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Best splitter under $2k

Post in 'The Gear' started by mking7, Nov 26, 2011.

  1. wkpoor

    wkpoor Minister of Fire

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    Something we agree on! It amazes me how forward thinking this forum is about stoves and how backward thinking about everything else. I used to think my old reed type chainsaws were so good too.
    Well anyway we did a test one time. My splitter against the 22ton speeco (for the record mine uses that beam and ram assembly). I was working alone and 2 guys where working on the speeco. We were taking from the same pile. After an hour my pile of splits working alone was easly 4xs larger. And the cycle time isn't the whole story, its also the fact that my splitter never has to slow down on the second stage. That was a marvelous invention to allows 5hp to do alot of work but it does come at a price. I know everyone will chime in that they rarely see that stage. I'm here to say it comes in more than you might think at least in the 22 ton version. Your ram speed is 14xs slower in second stage which is already painfully slow in my book. The whole reason I repowered my splitter was just what you said about watching that ram retract at a snails pace. And yes short stroking is a good tip and works good in ash and oak. But most of my stuff is big nasty crotches and stuff that just doesn't give up that easily. Some people will only process the nicest looking straight gained wood and they can get by with just a quick crack turn crack turn. But not the wood I have.

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  2. mking7

    mking7 Burning Hunk

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    You lost me. What splitter do you have?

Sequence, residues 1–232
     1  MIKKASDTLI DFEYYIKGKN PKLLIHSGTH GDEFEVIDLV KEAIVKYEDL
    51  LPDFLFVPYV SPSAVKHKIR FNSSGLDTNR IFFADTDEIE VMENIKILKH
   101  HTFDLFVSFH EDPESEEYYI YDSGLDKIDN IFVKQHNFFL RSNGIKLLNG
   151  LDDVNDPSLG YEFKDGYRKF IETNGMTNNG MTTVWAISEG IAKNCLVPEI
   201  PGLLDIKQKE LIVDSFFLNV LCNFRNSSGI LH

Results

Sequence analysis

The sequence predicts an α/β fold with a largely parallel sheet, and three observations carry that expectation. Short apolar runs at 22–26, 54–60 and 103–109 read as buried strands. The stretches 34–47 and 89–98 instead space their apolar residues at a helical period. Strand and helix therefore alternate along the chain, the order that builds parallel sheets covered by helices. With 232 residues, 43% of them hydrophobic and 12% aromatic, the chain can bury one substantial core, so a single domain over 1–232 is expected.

3. WoodNStuff

    WoodNStuff Minister of Fire

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    I've been very happy with my SpeeCo 25 ton splitter from Blain's Farm and Fleet. Got it for $1249.00. Beefier than some of the others I've seen in the same price point.
  4. MasterMech

    MasterMech Guest

    +1 on the 26-ton Iron & Oak. Best splitter under $2K. You'll rarely see the 2nd stage and cycle time is fantastic.

    Another rarely mentioned specification that affects return cycle time is the size of the cylinder rod. Bigger diameter rods will decrease the time it takes to fill the return side of the cylinder. No trade-off on splittting power either.
  5. firefighterjake

    firefighterjake Minister of Fire

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    Some simple truths . . . folks can debate cycle time, engine type, ram size, vertical vs. horizontal until we're blue in the face . . . but here's some facts.

    Fact: I know of no one who has purchased a hydraulic splitter (generally at 22 tons or more) and say they regretted the purchase . . . whether it be a MTD clone, Huskee, Iron and Oak, etc.

    OK, that was just one fact . . . but it's pretty much the truth . . . I cannot recall anyone here who has purchased a hydraulic splitter and then decided they wanted to go back to their Fiskars, maul, etc.

    What I'm saying here is that I think you'll be pretty happy with whatever you purchase . . . and I suspect that even a 22 ton Huskee will do the job . . . I know the 22-ton MTD that looks a lot like today's Huskee that I borrowed went through some very gnarly looking elm . . . and elm is perhaps one of the worse of the worse when it comes to splitting.
  6. Got Wood

    Got Wood Minister of Fire

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    22 Huskee here. It has split everything I have thrown at it and works at a pace plenty fast enough for me. To each his own, for ME - the Huskee was the best deal.